Akko Walls and Market
The remnants of the still-thriving ancient city of Akko are a monument to the mighty port and fortress that withstood numerous wars and regimes. When you stop at this northern coastal city during your tour of Israel, walk along the city's walls for a birds-eye view of historical Akko and the Mediterranean Sea, turning in at the shuk for a shopping experience like no other in the Holy Land.
The wall around Akko was first built in the year 960, at the behest of the Islamic ruler Ibn Tolon. The fortifications were renovated by the Crusaders in the 13th century, with the addition of new walls and towers. The existing walls were made higher at this time as well. The Mamluks destroyed the wall in 1290, but it was later rebuilt by the Bedouin ruler Dahar El-Omar in 1750.
The Ottoman Empire fortified the city between 1800 and 1814 by adding massive double walls with watchtowers – and heavy cannons situated strategically on the walls. The British Mandate opened the walls in two places to allow for motorized traffic in and out of the city.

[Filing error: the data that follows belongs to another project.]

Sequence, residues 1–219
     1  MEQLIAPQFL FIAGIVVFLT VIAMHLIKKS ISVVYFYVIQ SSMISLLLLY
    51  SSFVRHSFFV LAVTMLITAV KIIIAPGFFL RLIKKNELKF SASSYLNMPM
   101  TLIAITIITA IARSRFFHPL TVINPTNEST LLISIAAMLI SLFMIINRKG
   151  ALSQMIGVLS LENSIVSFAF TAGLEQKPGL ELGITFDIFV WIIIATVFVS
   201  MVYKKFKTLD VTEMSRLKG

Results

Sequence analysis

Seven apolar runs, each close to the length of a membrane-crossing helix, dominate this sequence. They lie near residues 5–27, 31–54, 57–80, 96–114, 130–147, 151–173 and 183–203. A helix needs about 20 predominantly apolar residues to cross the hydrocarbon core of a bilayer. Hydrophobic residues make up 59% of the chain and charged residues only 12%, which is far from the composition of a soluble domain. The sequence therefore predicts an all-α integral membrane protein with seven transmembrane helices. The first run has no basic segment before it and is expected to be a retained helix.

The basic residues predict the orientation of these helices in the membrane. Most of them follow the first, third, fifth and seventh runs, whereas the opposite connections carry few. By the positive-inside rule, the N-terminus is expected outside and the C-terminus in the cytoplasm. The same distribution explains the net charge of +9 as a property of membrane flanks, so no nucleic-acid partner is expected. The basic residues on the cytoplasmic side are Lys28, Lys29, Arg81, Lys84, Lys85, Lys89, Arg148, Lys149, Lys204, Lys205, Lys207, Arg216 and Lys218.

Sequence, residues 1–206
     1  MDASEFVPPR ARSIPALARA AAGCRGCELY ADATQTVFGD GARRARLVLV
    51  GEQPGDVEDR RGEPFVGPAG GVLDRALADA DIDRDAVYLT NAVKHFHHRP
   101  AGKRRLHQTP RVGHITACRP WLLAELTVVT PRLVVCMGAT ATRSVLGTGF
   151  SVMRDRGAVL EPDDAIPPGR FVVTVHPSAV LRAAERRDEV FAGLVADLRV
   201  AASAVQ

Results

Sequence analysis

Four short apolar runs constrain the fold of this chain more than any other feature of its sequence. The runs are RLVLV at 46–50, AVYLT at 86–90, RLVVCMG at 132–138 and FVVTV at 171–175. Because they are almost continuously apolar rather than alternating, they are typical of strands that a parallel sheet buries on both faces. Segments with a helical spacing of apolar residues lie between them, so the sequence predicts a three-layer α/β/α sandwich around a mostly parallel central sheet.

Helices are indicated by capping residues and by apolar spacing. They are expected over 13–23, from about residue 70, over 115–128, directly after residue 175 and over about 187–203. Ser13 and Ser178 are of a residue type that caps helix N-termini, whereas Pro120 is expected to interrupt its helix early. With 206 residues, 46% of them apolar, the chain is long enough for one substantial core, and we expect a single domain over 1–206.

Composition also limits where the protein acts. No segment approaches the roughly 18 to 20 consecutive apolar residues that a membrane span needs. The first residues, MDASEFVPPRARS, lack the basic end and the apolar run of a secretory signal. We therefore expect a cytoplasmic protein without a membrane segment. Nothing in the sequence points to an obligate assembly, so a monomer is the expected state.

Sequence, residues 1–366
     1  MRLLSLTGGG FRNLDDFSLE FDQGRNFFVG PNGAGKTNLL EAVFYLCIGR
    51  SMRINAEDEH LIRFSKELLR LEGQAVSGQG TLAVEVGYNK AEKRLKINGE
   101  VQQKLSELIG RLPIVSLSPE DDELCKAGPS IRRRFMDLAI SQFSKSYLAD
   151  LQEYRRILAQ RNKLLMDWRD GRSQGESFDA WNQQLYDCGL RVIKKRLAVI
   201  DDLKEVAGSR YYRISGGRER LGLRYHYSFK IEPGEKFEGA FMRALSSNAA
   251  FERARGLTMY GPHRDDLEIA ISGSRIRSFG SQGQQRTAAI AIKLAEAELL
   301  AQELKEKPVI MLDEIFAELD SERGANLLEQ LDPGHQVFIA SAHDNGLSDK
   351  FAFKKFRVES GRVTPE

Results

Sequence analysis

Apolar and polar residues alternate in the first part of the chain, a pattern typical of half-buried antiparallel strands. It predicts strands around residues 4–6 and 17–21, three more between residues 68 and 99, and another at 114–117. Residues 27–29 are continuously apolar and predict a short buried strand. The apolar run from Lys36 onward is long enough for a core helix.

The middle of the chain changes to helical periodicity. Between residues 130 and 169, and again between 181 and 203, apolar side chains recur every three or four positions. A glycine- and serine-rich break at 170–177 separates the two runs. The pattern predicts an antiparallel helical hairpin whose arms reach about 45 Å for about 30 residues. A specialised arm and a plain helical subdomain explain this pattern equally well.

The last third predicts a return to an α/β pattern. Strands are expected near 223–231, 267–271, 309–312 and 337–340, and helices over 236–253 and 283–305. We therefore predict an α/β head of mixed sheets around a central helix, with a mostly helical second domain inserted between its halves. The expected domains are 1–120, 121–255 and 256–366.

Akko is famous for its colorful markets. The Turkish Bazaar, originally constructed in the eighteenth century, has recently reopened as a craft and miniature art bazaar. This is an excellent place to purchase souvenirs and tourist artifacts.
The White Market was the city of Akko's main commercial center in the nineteenth century and is considered to be one of the region's largest building enterprises of the early 19th century. It was even compared to the Damascus market by one of the travelers at the time. Today it is home to warehouses, shops and restaurants.
Akko's main market is on Market Street in the Old City, leading from the north of the city through Via Regis ("King's Way") to the port of Akko. A variety of stalls hawk everything from fish and sweet oriental pastries to perfume and original spice blends.